This legislation was repealed in 1672, whereupon Heywood returned to Northowram to found a Presbyterian chapel by royal license. During this period, he lived at Northowram House which was also used at their place of worship. However, his license was revoked in 1674, whilst in 1685 his persistence earned him yet another excommunication, fine and brief spell in jail for “riotous assembly”. With the succession of James II and the Act of Toleration, he was finally able to build a congregation unhindered. The Heywood Chapel opened in 1688 at Northowram (where the United Reform church stands today) and he preached there until his death in 1702.
From Heywood’s diaries, it is clear that witchcraft was much feared by his congregation, especially the practice of “maleficium” (the use of magic to cause harm). Heywood was regularly consulted on these matters by sympathisers from across the surrounding region. In October 1665, for instance, he was called to Wakefield to see a “possessed” youth by the name of Nathan Dodgson. The boy was often seized by bursts of anger so violent several strong men could not restrain him or fits in which he would fall into a catatonic state. When he recovered he often claimed to have seen the apparition of the woman believed to be bewitching him.
In February 1672, Heywood travelled to Ripponden to the funeral of Richard Hoyle’s fourth son, who had succumbed to a mysterious illness thought to have been wrought by witchery, whilst he records in his diaries of February 1674 that a local man named Joseph Hinchcliffe hanged himself after he was accused of being a witch. However, despite Heywood’s Puritan inclinations, he remained sceptical of many such accusations and it is true that by the late 17th Century, whilst witch hysteria was still rife amongst the general populace, learned authorities tended to dismiss it as superstitious fancy.
In May 1683, a local member of his Northowram congregation by the name of Judith Higson sought his advice concerning her twelve year old son. The child was stricken with a strange distemper which left him swollen and insensible. One Dr. Thornton had informed the family that the illness was not natural and rather than prescribe medicine, recommended a cake mixed from wheatmeal, horseshoe stumps and the boy’s urine and hair. The doctor claimed this would break the power of his possessor and cause the witch to reveal herself. Heywood, however, was having none of it and recommended that Mrs. Higson pray and fast for her son’s recovery.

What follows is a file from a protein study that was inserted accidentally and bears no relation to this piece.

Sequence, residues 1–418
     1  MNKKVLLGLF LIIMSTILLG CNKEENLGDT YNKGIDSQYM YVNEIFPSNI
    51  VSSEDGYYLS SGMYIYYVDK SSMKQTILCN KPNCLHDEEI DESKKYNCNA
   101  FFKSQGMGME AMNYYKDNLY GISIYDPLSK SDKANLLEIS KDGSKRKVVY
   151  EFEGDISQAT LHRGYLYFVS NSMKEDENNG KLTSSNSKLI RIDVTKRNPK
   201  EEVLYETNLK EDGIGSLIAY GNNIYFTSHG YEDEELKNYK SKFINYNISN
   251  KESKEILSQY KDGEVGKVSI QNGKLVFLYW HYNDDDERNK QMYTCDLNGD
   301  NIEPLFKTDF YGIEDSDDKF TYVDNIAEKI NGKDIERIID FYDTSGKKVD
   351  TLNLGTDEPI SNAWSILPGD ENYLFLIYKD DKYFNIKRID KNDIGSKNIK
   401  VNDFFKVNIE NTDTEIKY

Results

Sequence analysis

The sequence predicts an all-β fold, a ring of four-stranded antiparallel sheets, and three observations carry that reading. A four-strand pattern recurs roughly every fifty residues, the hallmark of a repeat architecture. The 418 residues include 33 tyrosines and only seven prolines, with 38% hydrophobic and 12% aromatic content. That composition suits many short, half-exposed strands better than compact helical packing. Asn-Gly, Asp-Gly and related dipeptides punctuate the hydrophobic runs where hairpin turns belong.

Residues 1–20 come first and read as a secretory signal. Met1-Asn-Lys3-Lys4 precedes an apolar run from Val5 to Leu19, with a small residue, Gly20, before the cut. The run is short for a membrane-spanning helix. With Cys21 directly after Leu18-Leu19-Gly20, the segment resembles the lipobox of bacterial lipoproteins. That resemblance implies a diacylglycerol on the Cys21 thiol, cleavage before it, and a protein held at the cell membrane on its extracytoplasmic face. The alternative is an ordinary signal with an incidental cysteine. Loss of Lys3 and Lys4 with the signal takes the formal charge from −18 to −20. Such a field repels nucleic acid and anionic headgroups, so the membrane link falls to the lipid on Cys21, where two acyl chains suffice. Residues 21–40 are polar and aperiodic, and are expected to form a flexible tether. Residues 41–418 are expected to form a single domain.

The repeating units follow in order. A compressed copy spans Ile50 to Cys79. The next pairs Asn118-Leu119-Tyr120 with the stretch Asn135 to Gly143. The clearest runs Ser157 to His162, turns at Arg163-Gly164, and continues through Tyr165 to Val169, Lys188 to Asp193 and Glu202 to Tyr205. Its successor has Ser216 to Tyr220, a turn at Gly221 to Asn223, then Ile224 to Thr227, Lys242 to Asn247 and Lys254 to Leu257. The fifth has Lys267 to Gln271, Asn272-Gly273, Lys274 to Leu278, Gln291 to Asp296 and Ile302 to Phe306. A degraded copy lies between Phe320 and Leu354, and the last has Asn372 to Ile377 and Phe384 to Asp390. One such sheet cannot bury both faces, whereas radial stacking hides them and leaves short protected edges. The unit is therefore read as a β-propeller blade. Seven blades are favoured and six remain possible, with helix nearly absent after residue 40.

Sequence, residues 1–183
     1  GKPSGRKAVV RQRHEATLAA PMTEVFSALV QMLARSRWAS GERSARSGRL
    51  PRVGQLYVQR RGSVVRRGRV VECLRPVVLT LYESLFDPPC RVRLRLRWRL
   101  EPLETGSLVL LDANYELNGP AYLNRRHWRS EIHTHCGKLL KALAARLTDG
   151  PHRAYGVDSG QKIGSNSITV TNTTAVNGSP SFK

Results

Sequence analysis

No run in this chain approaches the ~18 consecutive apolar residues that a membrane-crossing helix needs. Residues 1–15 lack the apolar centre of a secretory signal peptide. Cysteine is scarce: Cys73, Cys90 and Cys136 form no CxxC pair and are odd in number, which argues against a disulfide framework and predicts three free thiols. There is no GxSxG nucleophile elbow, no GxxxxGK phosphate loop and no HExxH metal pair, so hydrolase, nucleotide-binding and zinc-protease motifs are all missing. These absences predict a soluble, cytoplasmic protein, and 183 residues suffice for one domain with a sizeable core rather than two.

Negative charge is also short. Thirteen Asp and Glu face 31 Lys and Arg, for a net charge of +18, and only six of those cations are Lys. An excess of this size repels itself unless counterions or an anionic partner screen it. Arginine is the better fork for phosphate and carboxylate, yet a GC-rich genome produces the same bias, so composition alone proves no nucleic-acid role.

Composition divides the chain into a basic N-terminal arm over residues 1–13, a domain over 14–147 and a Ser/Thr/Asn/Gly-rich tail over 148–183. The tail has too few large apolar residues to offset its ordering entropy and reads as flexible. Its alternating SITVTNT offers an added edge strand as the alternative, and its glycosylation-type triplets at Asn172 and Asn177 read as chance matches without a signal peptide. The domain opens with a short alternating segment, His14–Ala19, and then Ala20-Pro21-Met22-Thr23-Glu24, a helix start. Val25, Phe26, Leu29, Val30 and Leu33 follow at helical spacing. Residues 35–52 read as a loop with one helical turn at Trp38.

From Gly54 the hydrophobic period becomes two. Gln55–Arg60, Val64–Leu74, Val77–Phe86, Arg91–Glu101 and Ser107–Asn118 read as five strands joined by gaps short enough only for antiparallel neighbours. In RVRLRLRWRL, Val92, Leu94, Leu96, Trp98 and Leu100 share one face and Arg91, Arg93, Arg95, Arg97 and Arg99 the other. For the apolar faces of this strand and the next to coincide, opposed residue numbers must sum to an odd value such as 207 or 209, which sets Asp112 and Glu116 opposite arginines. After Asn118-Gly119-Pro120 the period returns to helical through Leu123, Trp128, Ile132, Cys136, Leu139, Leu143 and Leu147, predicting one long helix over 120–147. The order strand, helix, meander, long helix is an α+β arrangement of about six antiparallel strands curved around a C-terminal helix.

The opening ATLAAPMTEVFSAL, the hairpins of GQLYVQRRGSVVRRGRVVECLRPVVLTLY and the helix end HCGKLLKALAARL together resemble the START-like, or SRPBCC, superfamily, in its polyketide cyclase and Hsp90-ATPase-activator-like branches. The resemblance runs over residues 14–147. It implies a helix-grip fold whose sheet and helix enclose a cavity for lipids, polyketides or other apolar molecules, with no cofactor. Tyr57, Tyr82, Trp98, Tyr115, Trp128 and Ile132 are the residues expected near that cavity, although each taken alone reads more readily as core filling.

Nor was Heywood himself exempt from allegations of witchcraft and it exemplifies how the religious friction of the period was fertile ground for breeding such hysteria. As a radical Nonconformist preacher, who believed that private faith alone was sufficient for salvation rather than adherence to the religious laws of the state, Heywood must have appeared to many pious Anglicans, and indeed certain rival Nonconformist sects, as the very agent of the Devil. Accusing religious dissenters of witchcraft was a common response to unfamiliar forms of worship, not to mention an effective way of limiting their influence and competition.
Thus, during a gathering at the Rastrick house of rival minister by the name of John Hanson, somebody referred to only as N.C. is recorded as commenting that people dare not approach Heywood’s house for fear of witches. A rumour was abroad that the wife of B. Jagger had been seen leaving Heywood’s residence one Sunday night, during which time she was supposed to have “got power” over a maid of Anthony Waterhouse. The servant girl was soon “distempered and strangely taken” and in her delirium claimed to see the apparition of Jagger’s wife. She died within a fortnight.